In this post, we will show you how to use crucial customer segmentation elements to grow your business.
Businesses that want to grow will have a hard time focusing their efforts on a large pool of potential clients.
Rather, uncovering the traits that make up a small subset of customers and prospects that are most likely to make purchases and remain loyal is the key to growth. And it’s here that customer segmentation comes in handy.
We need mechanisms in place to collect and analyze data, the proper attitude to utilize that data, and the ability to compromise to better understand our customers.
But, first and foremost, what is customer segmentation and why is it important?
What is Customer Segmentation?
Client segmentation is the process of breaking a customer base into groups of people that are similar in areas that matter in marketing, such as age, gender, interests, and purchasing habits.
Companies that use customer segmentation believe that each customer is unique and that their marketing efforts would be better served if they targeted particular, smaller groups with messaging that would be relevant to those customers and lead to a purchase. Companies also want to obtain a better understanding of their consumers’ tastes and demands, to determine what each category values the most so that marketing materials can be more precisely tailored to that segment.
Customer segmentation is based on the identification of important differentiators that split customers into targetable groups. When developing customer segmentation techniques, factors such as a customer’s demographics (age, race, religion, gender, family size, ethnicity, income, and education level), geography (where they live and work), psychographic (social class, lifestyle, and personality characteristics), and behavioral (spending, consumption, usage, and anticipated benefits) inclinations are considered.
Why Segment Your Customers?
Customer segmentation is beneficial to many different types of firms that want to improve their marketing and sales efforts. These are some of the advantages:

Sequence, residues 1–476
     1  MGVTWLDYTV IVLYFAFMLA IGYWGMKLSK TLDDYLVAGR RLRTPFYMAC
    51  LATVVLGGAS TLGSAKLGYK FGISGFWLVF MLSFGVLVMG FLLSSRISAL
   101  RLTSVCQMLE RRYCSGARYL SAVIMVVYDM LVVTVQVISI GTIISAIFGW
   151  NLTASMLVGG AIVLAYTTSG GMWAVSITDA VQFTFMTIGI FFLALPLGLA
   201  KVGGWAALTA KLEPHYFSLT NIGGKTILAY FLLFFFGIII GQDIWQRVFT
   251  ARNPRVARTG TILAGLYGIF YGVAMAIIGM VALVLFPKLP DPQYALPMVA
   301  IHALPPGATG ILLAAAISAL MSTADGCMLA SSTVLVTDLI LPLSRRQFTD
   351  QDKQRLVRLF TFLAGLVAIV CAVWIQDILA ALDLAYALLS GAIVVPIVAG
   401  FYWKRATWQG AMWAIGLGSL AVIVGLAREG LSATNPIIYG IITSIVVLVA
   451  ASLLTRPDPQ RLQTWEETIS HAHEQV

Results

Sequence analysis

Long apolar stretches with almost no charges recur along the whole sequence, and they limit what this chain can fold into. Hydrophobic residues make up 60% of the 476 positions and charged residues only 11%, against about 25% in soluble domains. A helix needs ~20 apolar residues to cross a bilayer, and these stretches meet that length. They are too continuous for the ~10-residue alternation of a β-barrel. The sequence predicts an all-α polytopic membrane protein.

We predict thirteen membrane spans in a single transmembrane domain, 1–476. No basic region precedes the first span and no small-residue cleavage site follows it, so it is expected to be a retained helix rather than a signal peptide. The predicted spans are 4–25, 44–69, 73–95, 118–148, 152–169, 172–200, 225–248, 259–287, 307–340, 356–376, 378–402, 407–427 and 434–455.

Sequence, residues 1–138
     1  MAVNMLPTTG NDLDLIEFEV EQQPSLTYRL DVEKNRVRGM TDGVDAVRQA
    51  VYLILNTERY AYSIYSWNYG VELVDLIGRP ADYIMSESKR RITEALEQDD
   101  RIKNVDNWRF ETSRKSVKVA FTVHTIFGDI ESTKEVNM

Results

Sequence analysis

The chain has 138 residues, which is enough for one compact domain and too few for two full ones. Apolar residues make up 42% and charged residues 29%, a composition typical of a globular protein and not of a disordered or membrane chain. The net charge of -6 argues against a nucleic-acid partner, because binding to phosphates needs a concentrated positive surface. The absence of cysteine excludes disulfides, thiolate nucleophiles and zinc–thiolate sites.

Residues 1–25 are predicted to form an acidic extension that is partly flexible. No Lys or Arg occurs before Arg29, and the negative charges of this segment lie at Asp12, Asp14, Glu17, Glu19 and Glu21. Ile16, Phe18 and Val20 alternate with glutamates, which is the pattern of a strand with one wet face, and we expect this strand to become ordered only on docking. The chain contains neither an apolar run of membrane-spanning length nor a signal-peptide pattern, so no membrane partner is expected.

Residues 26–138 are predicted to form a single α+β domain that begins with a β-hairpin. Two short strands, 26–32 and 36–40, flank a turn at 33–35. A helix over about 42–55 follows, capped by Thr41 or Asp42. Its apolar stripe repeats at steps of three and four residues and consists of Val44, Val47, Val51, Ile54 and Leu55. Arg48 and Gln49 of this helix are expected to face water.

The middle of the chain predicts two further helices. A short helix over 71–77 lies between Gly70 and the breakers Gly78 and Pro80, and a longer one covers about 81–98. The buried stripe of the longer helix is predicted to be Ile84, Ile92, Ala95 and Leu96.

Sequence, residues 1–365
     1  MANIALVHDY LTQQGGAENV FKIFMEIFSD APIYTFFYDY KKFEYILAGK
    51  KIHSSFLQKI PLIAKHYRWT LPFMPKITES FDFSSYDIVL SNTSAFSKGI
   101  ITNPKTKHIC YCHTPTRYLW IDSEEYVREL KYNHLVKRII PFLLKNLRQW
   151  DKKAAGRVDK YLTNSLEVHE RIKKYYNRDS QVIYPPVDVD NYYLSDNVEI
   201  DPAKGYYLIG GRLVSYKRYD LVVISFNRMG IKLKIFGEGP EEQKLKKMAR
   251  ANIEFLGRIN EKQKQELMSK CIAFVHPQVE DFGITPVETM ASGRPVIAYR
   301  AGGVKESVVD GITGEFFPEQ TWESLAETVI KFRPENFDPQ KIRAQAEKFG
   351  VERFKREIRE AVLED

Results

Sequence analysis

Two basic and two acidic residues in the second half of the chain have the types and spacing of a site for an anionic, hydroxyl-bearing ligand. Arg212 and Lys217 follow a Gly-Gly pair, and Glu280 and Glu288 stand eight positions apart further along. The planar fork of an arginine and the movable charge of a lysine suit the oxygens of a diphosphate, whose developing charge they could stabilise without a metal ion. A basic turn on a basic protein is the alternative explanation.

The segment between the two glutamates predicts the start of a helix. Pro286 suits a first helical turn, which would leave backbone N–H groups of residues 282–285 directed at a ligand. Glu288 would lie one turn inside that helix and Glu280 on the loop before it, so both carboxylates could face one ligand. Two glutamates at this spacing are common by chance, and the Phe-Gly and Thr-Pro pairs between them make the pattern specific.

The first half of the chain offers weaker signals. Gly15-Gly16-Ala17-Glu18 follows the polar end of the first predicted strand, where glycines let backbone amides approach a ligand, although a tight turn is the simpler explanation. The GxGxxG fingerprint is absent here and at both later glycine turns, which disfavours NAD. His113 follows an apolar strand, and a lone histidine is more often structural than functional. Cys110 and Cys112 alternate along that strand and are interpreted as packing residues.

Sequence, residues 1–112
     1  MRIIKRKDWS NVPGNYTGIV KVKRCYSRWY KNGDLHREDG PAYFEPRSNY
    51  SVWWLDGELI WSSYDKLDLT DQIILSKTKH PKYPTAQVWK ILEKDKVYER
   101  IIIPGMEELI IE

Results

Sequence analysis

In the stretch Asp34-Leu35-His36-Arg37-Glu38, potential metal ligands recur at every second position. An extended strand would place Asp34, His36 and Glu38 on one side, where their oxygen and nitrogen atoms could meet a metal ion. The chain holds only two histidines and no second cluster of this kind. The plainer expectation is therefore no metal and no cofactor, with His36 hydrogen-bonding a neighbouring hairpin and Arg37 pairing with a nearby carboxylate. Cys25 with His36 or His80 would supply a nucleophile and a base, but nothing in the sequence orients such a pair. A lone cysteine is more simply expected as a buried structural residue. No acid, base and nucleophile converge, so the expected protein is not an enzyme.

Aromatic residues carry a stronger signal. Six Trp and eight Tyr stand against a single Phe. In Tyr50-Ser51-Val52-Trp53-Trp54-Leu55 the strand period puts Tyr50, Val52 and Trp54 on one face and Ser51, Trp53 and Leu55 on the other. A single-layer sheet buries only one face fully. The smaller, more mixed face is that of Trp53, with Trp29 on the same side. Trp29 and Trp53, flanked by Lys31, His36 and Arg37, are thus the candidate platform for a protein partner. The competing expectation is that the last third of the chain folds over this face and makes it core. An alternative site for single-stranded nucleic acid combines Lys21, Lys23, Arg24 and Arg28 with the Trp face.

- Personalization of Marketing Communications: Personalizing marketing communications for customers leads to a stronger customer-business relationship. This has the potential to dramatically boost client loyalty. Acknowledging your customer as more than just another email subscriber might help you build brand equity.
- Upselling/Cross-selling Opportunities: Understanding your customers’ purchasing habits or income levels can help you find consumer categories who can benefit from additional products. Alternatively, offering special discounts to customers who have recently purchased from you can boost sales of related products.
- Higher ROI and CRO: Sending targeted advertising to clients generates a higher ROI because they’ve previously expressed an interest in purchasing from you. Customers are less likely to engage with content when you send out generic campaigns. This is because the information is not relevant to them, or not of interest to them. Taking the time to segment your consumers will boost your CRO significantly.
Types of Customer Segmentation Models with Examples
Customer segmentation models can be basic or sophisticated, and they can be used for a variety of purposes. The following are examples of common segmentations:
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1. Demographic Segmentation
Demographic segmentation separates the market into smaller groups based on criteria like age, gender, and income. Rather than reaching the entire market, a brand employs this strategy to concentrate resources on a certain segment of that market.
Companies can use their time and resources more efficiently by segmenting the market into smaller parts, each with a common variable. They can gain a deeper understanding of the target market and employ advertising personalization to meet the target depending on the group’s need.
This form of customer segmentation is one of the most popular since it is simple to obtain through census data, analytics software, consumer insights, and other sources. Many firms consider it to be the most cost-effective method of segmenting a target market.